Free Job Course Being Offered to Young Adults

Once students graduate college, the pressure of finding a job can be a rather exhausting and frightening experience. The San Diego North Educational Foundation is aware of just how stressful this post college job search can really be, which is why they are now offering Strategies for Success, a new, free program designed to help high school seniors, community college and vocational students improve their presentation and leaderships skills in order to increase their chances of landing a job.

Strategies for Success was created to address students’ specific needs identified by employers, institutions of higher education and research efforts by the San Diego Workforce Partnership. These organizations have come to find that recent high school graduates or trade certificate holders have technical skills; however, they lack certain life skills that allow them to be an asset to employers and ultimately become successful. Last month, the North San Diego Business Chamber first offered this curriculum to their member organizations as an all-day Leadership Academy course for a fee. The feedback and registrations were so successful and the employees were thrilled to get back to their jobs and use the skills and tools they learned in the course.

When asked what the students should expect to get out of this course, Brandie Erbe, the North San Diego Business Chamber Communications Manager, explained that “After attending these classes, participants will walk away with practical tools that give them an inner confidence on the job, elevate their ability to work well with others and provide a polished presentation to employers.” The...

Deer Canyon Elementary School Named National Blue Ribbon School for 2015 by Poway Unified

At the end of last year, the U.S. Secretary of Education, Arne Duncan, announced that Poway Unified School District’s Deer Canyon Elementary School is now recognized as a 2015 National Blue Ribbon School. Among 331 other schools across the nation, Deer Canyon Elementary School is “leading their students to the highest levels of achievement and making outstanding progress in closing achievement gaps.”

 For this recognition, the Board of Education represents public, non-public, traditional, charter and magnet schools in 44 different states, all of which prove that diversity shows that excellence isn’t limited to certain students or neighborhoods. More importantly, the selected National Blue Ribbon Schools demonstrate that challenges of all kinds can be overcome.

 Deer Canyon Elementary School is located in the community of Rancho Penasquitos and is led by Principal Terry Worthington and an amazing administrative staff. Principal Worthington has been a part of the Deer Canyon Elementary School family for 8 years. When asked how Deer Canyon celebrated being named as a 2015 National Blue Ribbon School, Worthington said “We have shared our good news through our local newsletter, Echoes and a morning announcement when the initial announcement was made. We celebrated at our First Flag school-wide assembly in November and were recognized by the County Board of Education at their November meeting.” Worthington also stated that they now can proudly fly the National Blue Ribbon Award flag in front of their school each day along with...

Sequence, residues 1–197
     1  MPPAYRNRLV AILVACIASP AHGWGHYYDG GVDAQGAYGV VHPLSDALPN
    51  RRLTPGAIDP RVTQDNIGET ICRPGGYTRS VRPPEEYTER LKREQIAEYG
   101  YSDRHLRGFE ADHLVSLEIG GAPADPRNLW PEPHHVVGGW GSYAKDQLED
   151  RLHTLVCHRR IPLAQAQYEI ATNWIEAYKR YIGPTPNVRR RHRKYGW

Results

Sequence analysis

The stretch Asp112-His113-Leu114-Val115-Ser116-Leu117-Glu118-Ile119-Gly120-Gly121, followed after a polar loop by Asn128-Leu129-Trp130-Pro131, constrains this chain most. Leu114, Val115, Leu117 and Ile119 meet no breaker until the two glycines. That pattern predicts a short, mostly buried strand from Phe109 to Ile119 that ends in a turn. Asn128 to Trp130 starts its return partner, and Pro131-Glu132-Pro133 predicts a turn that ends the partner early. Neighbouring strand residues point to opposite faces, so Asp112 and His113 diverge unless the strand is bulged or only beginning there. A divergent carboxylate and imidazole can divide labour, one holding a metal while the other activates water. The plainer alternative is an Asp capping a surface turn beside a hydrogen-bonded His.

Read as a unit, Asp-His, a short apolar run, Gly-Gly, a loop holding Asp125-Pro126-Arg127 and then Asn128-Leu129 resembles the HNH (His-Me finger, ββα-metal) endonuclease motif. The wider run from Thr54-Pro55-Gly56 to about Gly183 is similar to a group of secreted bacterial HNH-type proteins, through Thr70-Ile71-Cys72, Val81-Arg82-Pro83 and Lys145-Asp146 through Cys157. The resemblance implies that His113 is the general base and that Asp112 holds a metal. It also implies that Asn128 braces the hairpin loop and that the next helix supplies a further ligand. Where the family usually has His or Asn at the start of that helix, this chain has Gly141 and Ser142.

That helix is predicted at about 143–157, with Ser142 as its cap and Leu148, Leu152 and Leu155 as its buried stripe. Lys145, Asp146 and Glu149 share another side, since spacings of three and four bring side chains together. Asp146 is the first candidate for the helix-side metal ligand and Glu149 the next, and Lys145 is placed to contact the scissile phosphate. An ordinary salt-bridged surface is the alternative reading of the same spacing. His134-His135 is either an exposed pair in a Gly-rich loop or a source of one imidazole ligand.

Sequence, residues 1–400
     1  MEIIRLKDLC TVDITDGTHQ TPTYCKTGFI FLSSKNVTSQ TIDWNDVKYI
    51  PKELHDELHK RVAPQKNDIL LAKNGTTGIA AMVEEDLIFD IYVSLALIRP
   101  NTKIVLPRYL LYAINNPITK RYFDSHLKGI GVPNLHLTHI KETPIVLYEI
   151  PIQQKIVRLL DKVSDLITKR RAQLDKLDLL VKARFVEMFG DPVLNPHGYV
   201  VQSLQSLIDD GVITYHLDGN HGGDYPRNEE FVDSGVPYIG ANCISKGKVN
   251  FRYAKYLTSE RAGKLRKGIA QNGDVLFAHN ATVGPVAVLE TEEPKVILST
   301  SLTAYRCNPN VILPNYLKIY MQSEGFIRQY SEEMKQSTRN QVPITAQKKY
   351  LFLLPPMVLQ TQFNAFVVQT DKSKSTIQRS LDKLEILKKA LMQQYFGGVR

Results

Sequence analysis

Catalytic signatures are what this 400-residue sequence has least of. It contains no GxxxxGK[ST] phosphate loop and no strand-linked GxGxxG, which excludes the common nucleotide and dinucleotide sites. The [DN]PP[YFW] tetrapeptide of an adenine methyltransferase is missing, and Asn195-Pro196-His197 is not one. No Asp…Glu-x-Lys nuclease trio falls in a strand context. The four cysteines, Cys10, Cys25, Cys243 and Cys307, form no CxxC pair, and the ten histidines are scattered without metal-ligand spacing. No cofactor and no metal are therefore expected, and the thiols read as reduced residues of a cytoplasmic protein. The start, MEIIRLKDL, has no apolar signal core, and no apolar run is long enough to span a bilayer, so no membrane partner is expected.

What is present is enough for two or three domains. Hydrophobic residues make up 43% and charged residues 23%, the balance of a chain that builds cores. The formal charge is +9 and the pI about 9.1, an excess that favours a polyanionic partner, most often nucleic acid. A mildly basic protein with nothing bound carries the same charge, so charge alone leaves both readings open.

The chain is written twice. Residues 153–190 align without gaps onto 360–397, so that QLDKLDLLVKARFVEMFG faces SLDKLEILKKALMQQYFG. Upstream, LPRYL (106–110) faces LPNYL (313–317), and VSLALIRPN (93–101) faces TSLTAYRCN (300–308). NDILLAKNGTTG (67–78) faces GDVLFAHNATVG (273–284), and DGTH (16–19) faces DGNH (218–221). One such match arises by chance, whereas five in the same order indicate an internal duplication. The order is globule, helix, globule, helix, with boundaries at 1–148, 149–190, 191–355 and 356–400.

What's In A Name?

What's In A Name?

Friday, August 4, 2006

By Casey Brown

Seeing the image of the golden horns that don each side of the Rams’ helmets slamming into the sternum of the opposition accurately represents the motion a prairie-dwelling ram performs against its grassland foes. 

To the Native Americans, the ram was a symbol of strength and determination. In the wild, the animal uses its keratin-rich horns to drive, batter, and crush its opponent with forceful impact.

The ram is a most-appropriate mascot for a football team. It’s probably the most appropriate mascot in the NFL; especially when it comes to the battles at the line of scrimmage, in the trenches, where players butt heads continually.

While the Rams’ name has been popular in the NFL, it also has been popular on the prep front.  Three Rams NFL players were on high school teams named the Rams. Another, running back Marshall Faulk, played for the Carver High Rams in New Orleans.

The NFL Rams came by their nickname because the original owners in Cleveland favored the Fordham University Rams.  This was 1937, when Fordham had the fabled “Seven Blocks of Granite” linemen and were one of the country’s strongest teams.  The original Cleveland Rams also wore the red and black of Fordham U.

Some Rams players come from high schools whose mascots have similar, unique origins or meanings:

Wide receiver Marques Hagans was a Crabber at Hampton High School in Hampton, Virginia.

“I know don’t know where it came from but the whole mentality is that you can’t crush a crab,” Hagans said. “The shell of a crab is pretty tough. People try to step on crabs and smash the shell. There was a tough mentality [at Hampton] that you can’t crush a crab; that was our fight song. We’re naturally tough.”

Defensive tackle La’Roi Glover was a Pointer at Point Loma High School in San Diego, California.

“A Pointer is a dog,” Glover said. “It’s a hunting...